Arms Sales: Future of the Lucrative Trade With Middle East

Posted on March 2, 2011


Arms sales to the Middle East is not only lucrative, it’s big business for Russia, China, US, UK, France, India and many more countries.  Now as the world turns its attention to Libya, the arms sales from various nation states are beginning to be identified.   Russian aircraft was used in an attempted bombing in Libya this morning.

A moral imperative can wane in light of economic realities. After the Chinese military attacked protesters in Tienanmen Square, 1989, the EU forbade arms sales to China.  But China has baled out some EU countries during this depression and the mood is shifting.  Not so with Britain.  It is steadfast in opposition to revision of the policy. [defensetalk.com]  However, Britain is not as obstinate about the Middle East at this point.

As with the US and others, arms sales to the Middle East is one of Britain’s most profitable trade areas:

How big are arms sales to the Middle East and North Africa? The unrest in Libya, Tunisia, Egypt and across the region has brought attention to one of the UK’s most successful export markets: military equipment.

It’s a world shrouded in secrecy, and centred on giant arms fairs, such as Idex, taking place in Abu Dhabi. In the UK the international arms trade is managed by Strategic Export Controls, which grant licenses. They’re not just for arms, but for a whole range of ‘controlled’ products. Here’s the official take from the Department for Business, Innovation & Skills:

The Export Control Organisation is responsible for legislating, assessing and issuing export and trade licences for specific categories of “controlled” goods. This encompasses a wide range of items including so-called dual-use goods, torture goods, radioactive sources, as well as military items. Whether a licence is required depends on various factors including the items exported and any sanctions in force on the export destination.

If items exported from the United Kingdom are controlled, then a licence is needed to legally export. Exporters are responsible for complying with the law, understanding the regulations and keeping informed.

This is isn’t everything sold, but the vast majority and everything granted a license is categorised. The official reports (published in PDF format) detail the maximum values of licenses granted in each group. There is a searchable database (you can access it here). But for the breakdowns, you have to use the PDFs. Licenses can and are often revoked – as some have just been to Bahrain. [Guardian]

As for the US, the largest US arms sales were made in 2010 to the Saudis.  It is unclear since the turmoil in the Middle East broke out what the Obama  administration will do following a review that  has begun. Listen to a public radio discussion of arms sales to the Middle East below or read a partial transcript.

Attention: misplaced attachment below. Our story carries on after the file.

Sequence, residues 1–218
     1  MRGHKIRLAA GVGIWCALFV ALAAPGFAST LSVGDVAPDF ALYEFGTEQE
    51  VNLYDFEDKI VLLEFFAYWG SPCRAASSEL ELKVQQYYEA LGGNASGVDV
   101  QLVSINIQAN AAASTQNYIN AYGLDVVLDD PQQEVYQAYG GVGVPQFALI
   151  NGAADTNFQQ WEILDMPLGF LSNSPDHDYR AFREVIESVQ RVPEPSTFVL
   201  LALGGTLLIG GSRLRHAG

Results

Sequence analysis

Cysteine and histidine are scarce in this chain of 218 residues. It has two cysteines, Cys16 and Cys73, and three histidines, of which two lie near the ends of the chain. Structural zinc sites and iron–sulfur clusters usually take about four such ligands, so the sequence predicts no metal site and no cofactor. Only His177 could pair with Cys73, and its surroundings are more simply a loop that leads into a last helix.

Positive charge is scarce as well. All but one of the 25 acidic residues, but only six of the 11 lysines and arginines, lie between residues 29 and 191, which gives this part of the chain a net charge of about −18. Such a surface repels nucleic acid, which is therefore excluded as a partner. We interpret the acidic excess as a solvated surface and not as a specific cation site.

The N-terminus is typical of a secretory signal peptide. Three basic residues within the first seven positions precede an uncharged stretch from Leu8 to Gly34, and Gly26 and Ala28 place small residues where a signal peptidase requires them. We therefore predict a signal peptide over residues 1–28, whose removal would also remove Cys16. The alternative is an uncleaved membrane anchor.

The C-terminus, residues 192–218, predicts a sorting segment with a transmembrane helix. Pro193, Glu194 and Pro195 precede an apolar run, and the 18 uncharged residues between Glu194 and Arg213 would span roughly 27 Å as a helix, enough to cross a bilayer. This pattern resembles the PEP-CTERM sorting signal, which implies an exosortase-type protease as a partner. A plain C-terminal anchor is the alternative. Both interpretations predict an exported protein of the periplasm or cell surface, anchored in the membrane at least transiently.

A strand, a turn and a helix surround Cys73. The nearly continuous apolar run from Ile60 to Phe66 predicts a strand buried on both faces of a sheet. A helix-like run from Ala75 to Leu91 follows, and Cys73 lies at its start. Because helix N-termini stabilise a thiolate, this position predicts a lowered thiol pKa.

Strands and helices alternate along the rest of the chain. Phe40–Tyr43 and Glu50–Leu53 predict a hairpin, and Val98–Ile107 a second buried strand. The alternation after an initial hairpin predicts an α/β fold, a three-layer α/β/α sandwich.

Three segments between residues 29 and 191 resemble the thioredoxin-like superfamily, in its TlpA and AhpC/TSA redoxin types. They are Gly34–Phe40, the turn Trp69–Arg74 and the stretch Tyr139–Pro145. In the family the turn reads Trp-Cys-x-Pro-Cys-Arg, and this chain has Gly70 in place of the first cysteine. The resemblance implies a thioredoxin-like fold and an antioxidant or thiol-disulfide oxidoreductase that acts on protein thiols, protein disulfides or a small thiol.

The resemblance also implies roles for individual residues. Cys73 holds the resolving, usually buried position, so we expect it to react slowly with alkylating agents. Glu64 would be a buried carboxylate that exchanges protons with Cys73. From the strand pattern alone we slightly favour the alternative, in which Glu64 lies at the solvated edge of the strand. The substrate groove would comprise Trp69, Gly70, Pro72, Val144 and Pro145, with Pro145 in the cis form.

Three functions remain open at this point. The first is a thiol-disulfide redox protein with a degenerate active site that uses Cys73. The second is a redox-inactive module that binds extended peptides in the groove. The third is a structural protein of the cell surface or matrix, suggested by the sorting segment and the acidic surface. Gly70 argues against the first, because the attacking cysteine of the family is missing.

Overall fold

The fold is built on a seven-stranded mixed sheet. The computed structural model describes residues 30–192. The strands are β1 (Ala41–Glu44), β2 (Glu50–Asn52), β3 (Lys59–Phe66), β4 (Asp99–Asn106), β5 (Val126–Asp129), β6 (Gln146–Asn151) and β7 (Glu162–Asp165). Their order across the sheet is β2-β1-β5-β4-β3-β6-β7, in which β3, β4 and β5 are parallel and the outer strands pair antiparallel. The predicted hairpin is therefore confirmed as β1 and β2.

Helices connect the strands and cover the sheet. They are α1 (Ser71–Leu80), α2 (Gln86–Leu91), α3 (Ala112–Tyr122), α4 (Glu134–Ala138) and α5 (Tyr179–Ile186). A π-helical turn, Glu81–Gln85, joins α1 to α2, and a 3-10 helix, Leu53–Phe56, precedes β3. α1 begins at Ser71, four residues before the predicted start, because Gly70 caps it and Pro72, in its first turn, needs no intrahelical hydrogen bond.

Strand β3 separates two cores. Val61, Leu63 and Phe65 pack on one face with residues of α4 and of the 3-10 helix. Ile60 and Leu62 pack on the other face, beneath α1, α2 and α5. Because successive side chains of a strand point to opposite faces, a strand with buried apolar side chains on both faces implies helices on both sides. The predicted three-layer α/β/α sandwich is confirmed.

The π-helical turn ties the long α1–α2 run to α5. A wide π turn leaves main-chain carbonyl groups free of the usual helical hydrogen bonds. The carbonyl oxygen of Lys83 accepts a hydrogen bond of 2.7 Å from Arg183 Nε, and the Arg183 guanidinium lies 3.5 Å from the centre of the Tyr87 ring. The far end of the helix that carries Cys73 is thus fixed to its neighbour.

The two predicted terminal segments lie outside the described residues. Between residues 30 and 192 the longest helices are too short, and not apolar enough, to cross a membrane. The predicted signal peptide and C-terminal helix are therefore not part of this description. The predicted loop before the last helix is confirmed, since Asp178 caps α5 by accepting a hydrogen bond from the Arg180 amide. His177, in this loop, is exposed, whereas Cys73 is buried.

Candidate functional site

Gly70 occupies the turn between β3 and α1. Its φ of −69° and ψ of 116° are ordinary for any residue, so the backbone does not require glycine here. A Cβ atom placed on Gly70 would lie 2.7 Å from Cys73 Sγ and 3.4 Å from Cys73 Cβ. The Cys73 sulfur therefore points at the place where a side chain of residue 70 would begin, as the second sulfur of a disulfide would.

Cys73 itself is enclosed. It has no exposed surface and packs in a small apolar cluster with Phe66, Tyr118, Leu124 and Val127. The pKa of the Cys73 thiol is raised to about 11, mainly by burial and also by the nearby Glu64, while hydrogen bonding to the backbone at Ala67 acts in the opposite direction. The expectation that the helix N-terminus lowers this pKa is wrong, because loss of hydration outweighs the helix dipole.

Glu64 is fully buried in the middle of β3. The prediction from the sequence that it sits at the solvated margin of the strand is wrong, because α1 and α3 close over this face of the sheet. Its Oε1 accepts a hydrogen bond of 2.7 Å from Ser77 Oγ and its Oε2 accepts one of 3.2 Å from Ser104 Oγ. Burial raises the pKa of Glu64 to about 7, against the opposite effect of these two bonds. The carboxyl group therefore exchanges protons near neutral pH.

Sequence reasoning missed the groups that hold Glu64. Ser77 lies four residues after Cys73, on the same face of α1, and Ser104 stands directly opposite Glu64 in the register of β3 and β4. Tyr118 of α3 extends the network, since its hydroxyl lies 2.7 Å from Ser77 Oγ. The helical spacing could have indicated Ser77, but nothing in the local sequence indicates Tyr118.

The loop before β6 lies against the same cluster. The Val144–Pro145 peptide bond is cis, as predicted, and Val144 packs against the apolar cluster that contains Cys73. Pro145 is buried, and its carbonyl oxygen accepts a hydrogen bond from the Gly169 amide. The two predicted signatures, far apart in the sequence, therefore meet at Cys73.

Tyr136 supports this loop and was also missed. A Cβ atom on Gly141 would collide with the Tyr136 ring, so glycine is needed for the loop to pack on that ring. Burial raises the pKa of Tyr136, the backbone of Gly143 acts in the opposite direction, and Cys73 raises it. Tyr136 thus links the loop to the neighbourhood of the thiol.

Wednesday, February 23, 2011

Listen to the show Marketplace

Audio: Hear Janet Babin’s original story on Marketplace

CHIOTAKIS: How big are these sales? What are we talking about here?

BABIN: Pretty big Steve. Let’s take Egypt as an example. It received more than a $1 billion in U.S. aid last year. And a big recipient of that money has been Lockheed Martin — for the F-16 fighter jets it sold to Egypt. And Boeing did pretty well too for a deal to sell F-15s fighter jets and C-17 Transport Jets to Saudi Arabia.

CHIOTAKIS: Are these sales at risk from the unrest there?

BABIN: They’re somewhat protected by long delivery times for orders, and usually the contracts with governments are pretty long. I spoke with Richard Aboulafia about this. He’s an aerospace analyst with the Teal Group and he says so far, these defense markets are relatively safe. But that could change.

RICHARD ABOULAFIA: The real risk here is Saudi Arabia as a possible area of unrest moving forward. And they just signed off on one of the biggest arms deals in history. And that provides an awful lot of revenue to both Boeing and United Technologies Corporation, who makes Sikorsky helicopters.

That Saudi arms deal by the way Steve was worth $60 billion.


TEXT OF ORIGINAL STORY

HOBSON: All right, so we know the arms industry is a big business. Give us a sense of the size.

BABIN: Well, six Gulf nations, including Saudi Arabia, Bahrain, Kuwiat and Jordan, are expected to spend $70 billion on defense this year. And the U.S. will get some of that. And the Wall Street Journal reports this morning that figure is expected to rise to $80 billion in 2015.

HOBSON: And now we’re talking about a White House review of some of the business that has to do with the United States.

BABIN: That’s right. The paper reports that before all this unrest, the Obama Administration’s strategy was to sell arms sales to Arab Allies in an effort to isolate Iran. Right? But that strategy can backfire if you’re not sure who’s in charge in some of these places. And these concerns stretch to Europe as well. Prime Minister David Cameron happens to be in the region this week. He brought with him a group of eight U.K. defense industry officials.

Roy Isbister is with SaferWorld. That’s a U.K. advocacy group.

ROY ISBISTER: There seems to be no thought to scaling back on the interest that’s been shown in this.

So Isbister says there’s a huge arms sales expo that’s still going on in Abu Dabi this week, and that’s where Cameron and the industry officials are headed. So it looks like the U.K. at least, still hopes to sell £5 billion, that’s about $8.1 billion, worth of arms to Middle East allies this year. [marketplace.publicradio.org]

Surplus arms sales have benefited the UK as reported in  Janes.

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